Can Anyone be a Leader?

Photo by Brooke Lewis on Pexels.com

I never really thought of myself as a natural born leader. I was always very shy, quiet growing up. I felt like an outsider trying to fit in whether it was at school or in my mostly white suburban community in New York. I never considered trying to be a leader in school whether it was a team captain of a sports team or student council.

The first time I was given a positional leadership in high school was as the president of our Asian Society Club. For some reason I felt comfortable and confident to lead and speak out through this role. Looking back I think it was probably for a few different reasons. I felt safe within that community. I had known many of the members through the years in and outside of our school community. I identified closely with many of the experiences that they had of being part of a minority group of Asian Americans in a mostly white community. I felt ownership as a member of this club and wanted to see more done. I vividly remember one moment of being a leader where I was upset with our club and I started going on a rant like they were my students. It was probably not one of my proudest moments as a leader, but I really took on the role of a leader. I think my friends in the club were all shocked and surprised with me at that moment, to see such me act in a way so opposite of my natural persona. After this experience as a leader and a few other experiences leading, I still never felt like a “real” leader nor like I had those skills necessary to lead.

Throughout my years as a teacher in NYC, I continued to not see myself as a leader and didn’t really try to get leadership positions. I still felt like I was not qualified nor good enough to be a leader. Fast forward many years and moving across the world to Singapore, I find myself here in Singapore, in the final year of a doctorate program on educational leadership through USC. I am in the middle of my final dissertation process and last few courses before I graduate with an official degree in educational leadership. So will that finally give me the feeling of being qualified as a “real” leader with these credentials?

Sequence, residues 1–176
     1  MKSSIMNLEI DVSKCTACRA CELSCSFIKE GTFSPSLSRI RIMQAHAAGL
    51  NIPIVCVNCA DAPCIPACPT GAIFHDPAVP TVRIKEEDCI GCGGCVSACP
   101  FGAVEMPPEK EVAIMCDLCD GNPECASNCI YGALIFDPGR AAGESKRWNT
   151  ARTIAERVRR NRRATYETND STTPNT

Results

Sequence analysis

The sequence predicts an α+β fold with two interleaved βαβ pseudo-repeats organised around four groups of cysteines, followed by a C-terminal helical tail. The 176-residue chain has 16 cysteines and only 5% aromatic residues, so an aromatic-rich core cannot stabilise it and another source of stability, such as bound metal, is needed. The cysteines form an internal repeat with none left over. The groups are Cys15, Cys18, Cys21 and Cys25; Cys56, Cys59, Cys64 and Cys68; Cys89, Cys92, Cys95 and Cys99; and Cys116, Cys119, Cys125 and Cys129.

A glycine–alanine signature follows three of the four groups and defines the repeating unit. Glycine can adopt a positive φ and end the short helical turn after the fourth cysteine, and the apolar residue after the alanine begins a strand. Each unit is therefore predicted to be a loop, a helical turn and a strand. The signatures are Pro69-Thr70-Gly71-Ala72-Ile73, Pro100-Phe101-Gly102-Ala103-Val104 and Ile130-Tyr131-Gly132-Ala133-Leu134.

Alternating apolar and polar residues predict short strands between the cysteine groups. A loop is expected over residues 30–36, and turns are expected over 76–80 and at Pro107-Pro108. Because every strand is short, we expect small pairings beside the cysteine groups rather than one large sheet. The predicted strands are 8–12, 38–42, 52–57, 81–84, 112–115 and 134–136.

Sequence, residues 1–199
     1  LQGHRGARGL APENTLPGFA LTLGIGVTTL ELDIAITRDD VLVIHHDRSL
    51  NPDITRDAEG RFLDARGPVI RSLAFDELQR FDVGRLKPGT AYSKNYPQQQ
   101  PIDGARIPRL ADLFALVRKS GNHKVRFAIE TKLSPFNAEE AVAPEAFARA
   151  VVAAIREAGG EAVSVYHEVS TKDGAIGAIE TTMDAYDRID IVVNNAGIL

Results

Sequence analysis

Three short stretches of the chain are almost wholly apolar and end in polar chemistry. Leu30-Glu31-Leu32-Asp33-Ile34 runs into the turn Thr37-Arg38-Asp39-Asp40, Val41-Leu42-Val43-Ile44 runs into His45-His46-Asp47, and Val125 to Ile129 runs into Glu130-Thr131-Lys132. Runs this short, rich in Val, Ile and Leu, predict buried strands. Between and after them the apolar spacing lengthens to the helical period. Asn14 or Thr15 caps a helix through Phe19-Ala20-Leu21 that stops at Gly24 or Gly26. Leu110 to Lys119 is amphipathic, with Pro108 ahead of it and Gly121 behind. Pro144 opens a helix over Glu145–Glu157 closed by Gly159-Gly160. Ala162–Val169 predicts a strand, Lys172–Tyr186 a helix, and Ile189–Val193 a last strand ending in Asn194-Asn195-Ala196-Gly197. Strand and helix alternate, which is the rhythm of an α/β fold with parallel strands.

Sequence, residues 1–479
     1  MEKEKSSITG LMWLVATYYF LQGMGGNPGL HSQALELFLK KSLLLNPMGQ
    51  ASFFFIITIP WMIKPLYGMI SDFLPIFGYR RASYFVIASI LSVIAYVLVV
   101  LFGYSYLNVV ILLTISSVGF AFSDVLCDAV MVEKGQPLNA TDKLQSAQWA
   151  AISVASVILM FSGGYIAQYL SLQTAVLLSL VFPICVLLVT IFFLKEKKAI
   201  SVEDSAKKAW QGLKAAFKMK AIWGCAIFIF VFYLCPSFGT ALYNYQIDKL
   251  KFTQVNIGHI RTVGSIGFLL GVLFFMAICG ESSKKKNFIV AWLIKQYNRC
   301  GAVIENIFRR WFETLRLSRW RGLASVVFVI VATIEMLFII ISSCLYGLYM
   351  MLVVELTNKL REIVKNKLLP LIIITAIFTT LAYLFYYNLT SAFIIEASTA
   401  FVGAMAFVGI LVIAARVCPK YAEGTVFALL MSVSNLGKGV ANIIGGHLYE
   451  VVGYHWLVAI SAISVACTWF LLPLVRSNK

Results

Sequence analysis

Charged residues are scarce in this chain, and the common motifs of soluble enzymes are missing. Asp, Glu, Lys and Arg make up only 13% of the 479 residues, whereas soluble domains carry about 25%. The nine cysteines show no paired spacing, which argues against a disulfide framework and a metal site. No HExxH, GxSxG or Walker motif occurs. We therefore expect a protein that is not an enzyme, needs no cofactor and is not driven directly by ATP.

My journey through these years as an educator and learner has shown me that leadership is a skill that anyone can learn and get better at. You don’t need the fancy degree to qualify you as a leader. You can lead and make change from you are at, even if you don’t have the positional leadership. You can actively impact your spheres of influences whether it’s one other person or a thousand other people. You don’t need to have an extroverted personality and natural born charisma. Leadership is intentional. It is about building relationships, listening, and serving others. It is a skill you can improve in with mentorship and practice.

I do have to confess that I did indeed learn a lot about leadership through my doctorate program I’m in right now, so I’m not trying to imply that the degree has not helped me improve. I do highly encourage continuing to pursue advanced degrees that do revolve around leadership! However, I do wish that I had recognized in my earlier years as a student and teacher that I had many misconceptions around who can be leaders and what makes someone a good leader. I wish that I had seen more mirrors of myself in the leaders in my schools and communities. At the same time, I am thankful for the leaders that have seen that potential in me and encouraged me to pursue leadership positions within my school and through this doctorate program.

In what ways do you lead from where you are?

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